"Of course, no one knew this would happen to Robert," Glock said. " But at the same time, finding a suitable activity to replace the thrills we get from driving an F1 car is hard. In general, I do all the normal training like running, swimming and biking but in relation to what happened to Robert, it doesn't really matter what you are doing, you can still get injured. Mark (Webber) likes to ride mountain bikes, but he had a bad crash a couple of years ago so it' can be really just a question of being in the wrong place at the wrong time."
Would he jump in a rally car while in the middle of an intense pre-season testing programme?
"I did a rally and had a couple of runs in 2008 in the Toyota WRC car at the Goodwood Festival of Speed which was good fun," Glock replies. "Having said that however, although driving those cars is exhilarating, they can be very, very dangerous as there is usually very little run off and in those situations you end up with accidents like Robert's. I know him well and he talks about it every weekend and he is just constantly thinking 'rally, rally, rally' so is it surprising he got in the car? No. Is it surprising the team let him drive the car with the start of season so close? Definitely... "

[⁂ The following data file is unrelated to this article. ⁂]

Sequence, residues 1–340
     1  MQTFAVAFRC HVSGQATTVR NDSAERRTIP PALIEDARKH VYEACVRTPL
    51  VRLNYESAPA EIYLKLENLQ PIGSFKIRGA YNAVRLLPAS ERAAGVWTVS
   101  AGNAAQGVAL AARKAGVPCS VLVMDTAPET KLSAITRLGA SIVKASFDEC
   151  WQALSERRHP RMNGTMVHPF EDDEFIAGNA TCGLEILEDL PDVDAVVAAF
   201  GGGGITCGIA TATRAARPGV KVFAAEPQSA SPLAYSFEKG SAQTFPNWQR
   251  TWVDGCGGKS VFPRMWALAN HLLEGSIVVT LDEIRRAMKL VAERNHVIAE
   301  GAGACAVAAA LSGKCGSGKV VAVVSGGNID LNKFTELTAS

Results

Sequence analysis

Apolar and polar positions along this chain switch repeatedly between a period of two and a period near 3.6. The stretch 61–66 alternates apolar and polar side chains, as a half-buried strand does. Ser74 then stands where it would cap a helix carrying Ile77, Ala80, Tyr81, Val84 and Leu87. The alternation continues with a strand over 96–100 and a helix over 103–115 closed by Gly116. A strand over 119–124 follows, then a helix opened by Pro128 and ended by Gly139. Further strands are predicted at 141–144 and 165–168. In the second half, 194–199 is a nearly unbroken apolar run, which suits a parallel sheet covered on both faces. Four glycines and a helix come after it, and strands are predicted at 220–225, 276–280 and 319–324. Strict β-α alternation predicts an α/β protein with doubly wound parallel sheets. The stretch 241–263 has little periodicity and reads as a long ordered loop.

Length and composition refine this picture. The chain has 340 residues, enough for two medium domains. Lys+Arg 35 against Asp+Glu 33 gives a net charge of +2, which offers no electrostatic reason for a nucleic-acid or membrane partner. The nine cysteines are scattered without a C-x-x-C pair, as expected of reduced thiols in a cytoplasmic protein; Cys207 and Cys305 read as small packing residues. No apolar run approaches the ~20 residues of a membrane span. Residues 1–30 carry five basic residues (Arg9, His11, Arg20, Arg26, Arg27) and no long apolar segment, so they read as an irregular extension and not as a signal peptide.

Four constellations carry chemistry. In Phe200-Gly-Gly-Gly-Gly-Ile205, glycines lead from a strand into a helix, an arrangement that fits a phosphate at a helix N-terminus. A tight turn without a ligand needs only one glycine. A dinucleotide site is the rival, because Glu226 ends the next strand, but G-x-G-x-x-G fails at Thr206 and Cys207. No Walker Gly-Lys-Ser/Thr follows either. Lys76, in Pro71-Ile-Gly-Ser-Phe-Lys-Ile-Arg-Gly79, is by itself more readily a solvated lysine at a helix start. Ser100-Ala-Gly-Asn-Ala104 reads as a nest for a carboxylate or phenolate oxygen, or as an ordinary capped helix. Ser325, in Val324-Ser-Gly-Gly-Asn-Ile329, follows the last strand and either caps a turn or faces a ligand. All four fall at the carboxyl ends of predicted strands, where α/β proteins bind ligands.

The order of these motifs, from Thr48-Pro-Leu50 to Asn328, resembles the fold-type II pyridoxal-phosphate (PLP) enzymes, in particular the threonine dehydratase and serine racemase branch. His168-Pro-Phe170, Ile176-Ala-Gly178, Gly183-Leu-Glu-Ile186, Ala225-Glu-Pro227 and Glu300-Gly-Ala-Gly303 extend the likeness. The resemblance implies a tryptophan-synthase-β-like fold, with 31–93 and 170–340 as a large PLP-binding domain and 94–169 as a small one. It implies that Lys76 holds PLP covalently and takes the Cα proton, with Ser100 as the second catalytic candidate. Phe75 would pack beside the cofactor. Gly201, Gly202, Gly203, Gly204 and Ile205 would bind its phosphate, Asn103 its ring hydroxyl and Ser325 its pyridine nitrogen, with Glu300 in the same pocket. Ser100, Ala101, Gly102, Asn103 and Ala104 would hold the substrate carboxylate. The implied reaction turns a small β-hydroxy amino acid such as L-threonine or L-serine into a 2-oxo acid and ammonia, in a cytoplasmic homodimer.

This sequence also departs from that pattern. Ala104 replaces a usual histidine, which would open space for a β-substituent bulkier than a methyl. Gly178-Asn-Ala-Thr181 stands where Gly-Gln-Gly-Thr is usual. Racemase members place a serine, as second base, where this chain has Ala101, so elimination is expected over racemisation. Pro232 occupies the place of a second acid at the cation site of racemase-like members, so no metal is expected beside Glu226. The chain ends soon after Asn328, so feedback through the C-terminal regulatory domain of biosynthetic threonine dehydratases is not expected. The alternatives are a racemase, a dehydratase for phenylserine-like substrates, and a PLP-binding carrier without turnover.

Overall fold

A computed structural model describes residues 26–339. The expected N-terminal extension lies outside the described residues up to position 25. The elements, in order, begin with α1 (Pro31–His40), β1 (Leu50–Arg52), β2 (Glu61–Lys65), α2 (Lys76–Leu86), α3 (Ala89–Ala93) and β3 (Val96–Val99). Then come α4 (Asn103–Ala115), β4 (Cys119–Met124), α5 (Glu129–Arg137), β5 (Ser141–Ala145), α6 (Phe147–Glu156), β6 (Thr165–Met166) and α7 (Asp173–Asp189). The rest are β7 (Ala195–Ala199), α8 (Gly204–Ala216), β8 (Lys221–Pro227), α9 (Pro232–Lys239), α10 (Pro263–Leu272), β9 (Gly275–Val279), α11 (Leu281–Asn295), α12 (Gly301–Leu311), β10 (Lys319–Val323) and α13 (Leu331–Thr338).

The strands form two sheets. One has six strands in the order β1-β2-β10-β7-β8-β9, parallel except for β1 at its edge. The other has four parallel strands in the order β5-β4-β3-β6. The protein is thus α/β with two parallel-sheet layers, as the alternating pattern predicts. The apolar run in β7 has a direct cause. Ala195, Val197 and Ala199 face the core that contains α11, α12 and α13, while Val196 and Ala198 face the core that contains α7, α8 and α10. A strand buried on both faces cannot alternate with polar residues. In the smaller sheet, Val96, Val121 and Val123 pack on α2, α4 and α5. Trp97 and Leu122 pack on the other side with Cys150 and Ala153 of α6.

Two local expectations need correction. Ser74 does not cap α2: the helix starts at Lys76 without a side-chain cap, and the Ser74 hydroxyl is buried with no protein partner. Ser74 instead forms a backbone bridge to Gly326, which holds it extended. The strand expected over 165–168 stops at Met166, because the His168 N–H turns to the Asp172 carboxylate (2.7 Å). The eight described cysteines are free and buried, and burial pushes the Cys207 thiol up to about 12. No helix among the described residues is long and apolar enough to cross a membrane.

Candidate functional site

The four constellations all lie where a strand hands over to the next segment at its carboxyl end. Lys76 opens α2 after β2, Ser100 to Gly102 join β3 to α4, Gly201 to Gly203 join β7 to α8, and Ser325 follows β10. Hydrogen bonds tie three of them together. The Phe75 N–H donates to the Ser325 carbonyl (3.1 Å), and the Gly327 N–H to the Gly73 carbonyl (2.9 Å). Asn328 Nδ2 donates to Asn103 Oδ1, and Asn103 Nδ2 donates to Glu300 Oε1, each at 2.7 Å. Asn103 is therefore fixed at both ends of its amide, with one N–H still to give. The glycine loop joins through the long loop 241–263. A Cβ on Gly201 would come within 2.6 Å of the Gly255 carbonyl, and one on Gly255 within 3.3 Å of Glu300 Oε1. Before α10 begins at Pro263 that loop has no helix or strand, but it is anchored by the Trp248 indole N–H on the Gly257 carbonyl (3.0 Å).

Back in 2009 when it became clear Fernando Alonso was to move from Renault to Ferrari, Kubica became the apple of Renault's eye and the only man they wanted to replace the departing Spaniard. Convinced, like most observers, that the Pole was a champion in waiting, the French marque set about capturing Kubica's signature on a contract and laid out the red carpet. The team had endured a horrendous year which was not helped by the 'Crashgate' fiasco that resulted in former team boss Flavio Briatore, former Engineering Chief Pat Symonds and driver Nelson Piquet Jr all receiving bans from the sport after being found guilty of cheating. The team was, not to put too fine a point on it, in crisis and Kubica was free to list his demands.
Sure, BMW Sauber had already confirmed they were to pull out of the sport at the end of the season but the Pole's stock was already high in the paddock so he was in a strong position to dictate terms for 2010. Soon, a 1- year deal was signed and as the relationship grew between driver and team, so did the desire to extend the deal beyond a single season and to the end of 2012.